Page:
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  • Writer's pictureArashk Azizi

Astrarium by Ace of Hertz

Ace of Hertz, the brainchild of Riccardo Coppola, takes listeners on a cosmic journey with his debut album "Astrarium." This instrumental electronic collection is a fascinating exploration of synthesizers, both digital and analog, that spans multiple genres and styles. The album consists of eight tracks, each uniquely crafted to evoke a sense of space exploration and discovery.

The opening track, "One (A Start)," sets a mysterious atmosphere with spoken words that hint at the vastness of space. It employs the sonification of a neutron star's spectrometer as a percussive bassline, layered with beeps from Apollo missions and countdowns, creating an eerie yet captivating introduction. This track seamlessly transitions into "Nova Atlantis," an electronic chill piece that begins with a gentle piano chord progression. As the track progresses, it introduces beats and a soothing melody, building into a rich, layered soundscape.

"The Message" follows with a more experimental and avant-garde approach. This piece is part of a two-track suite inspired by the Arecibo message sent to space in 1974. It features wavefolding and destruction of digital synth sounds, accompanied by a sonar-like tone and an echoed, distorted lead synth. The suite continues with "Arecibo," which provides a glitchy response to "The Message." This track stands out with its asymmetric, percussive bridge section, contrasting the experimental elements with a modern, energetic beat.

"Vela" captures the obsessive rhythm of the Vela pulsar, the fastest-spinning object in the known universe. This track, created entirely using software wavetable synthesizers, builds an uptempo drum'n'bass structure that is both ethereal and danceable. The progression is interrupted by a melancholic yet dreamy opening led by a synthetic piano, adding a layer of emotional depth to the album.

"A Good Picture" is a notable experimentation with vintage-sounding synths and irregular rhythmic progressions. It randomly triggers twelve different digital synthesizers and ten glitch sound samples at every beat, resulting in a complex and intriguing soundscape. This track is followed by "Tyr," named after the Norse god of the daylight-sky. Composed in Göteborg, it acts as the album's techno powerhorse with its obsessive landscape of strange basses, storm sounds, distant choirs, and an abundance of claps.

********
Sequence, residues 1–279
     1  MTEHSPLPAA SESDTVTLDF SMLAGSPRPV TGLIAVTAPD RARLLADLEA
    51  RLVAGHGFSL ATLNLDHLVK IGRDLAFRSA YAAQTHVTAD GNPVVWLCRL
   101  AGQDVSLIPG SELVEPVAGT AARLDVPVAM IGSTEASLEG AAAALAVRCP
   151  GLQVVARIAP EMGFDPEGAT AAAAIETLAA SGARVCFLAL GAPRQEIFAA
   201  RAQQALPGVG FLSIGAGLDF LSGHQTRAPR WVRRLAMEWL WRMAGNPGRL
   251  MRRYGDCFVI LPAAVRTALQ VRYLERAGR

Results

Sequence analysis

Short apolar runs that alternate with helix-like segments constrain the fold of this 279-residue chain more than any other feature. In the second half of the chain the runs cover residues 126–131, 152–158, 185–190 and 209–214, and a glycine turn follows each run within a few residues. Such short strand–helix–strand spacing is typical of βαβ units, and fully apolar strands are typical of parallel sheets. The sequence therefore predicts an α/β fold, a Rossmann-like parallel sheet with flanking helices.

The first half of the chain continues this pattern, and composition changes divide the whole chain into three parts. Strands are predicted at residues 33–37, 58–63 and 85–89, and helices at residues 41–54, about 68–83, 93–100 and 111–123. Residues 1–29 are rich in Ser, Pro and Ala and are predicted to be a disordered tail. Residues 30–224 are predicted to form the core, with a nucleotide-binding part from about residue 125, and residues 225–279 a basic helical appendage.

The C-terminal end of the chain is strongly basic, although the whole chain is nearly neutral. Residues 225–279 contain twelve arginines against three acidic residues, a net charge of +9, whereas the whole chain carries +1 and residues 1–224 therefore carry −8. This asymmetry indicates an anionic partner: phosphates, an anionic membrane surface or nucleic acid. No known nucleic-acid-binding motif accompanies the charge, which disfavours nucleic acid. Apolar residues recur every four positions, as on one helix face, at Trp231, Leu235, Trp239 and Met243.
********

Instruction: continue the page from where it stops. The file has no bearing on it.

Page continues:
The album concludes with "Godspeed (A Reprise)," a small suite that recollects themes from "Arecibo," "Vela," and "A Good Picture." It employs a lo-fi piano sound and ends with a deliberate 8-bit feeling, creating a sense of closure and completing the album's thematic circle.

Ace of Hertz, inspired by a decade-long fascination with computer music, ambient, and synthwave, as well as a lifelong obsession with dramatic soundtracks, has created a remarkable debut with "Astrarium." The album's experimental nature and diverse influences—from lush synthpop and subtle electronic bridges in prog suites to big, scary synthesizer sounds and minimalist 8-bit textures—make it a compelling listen for fans of quiet, reflective electronica. The visual concept of a deck of cards, with waveforms representing electronic music's fundamental building blocks, ties together the album's theme of space exploration, further enhancing the listener's experience.

In summary, "Astrarium" by Ace of Hertz is a mesmerizing debut that showcases Riccardo Coppola's talent for blending various electronic styles into a cohesive and exploratory journey. Each track offers a unique sonic experience, making the album a must-listen for anyone interested in the frontiers of electronic music.

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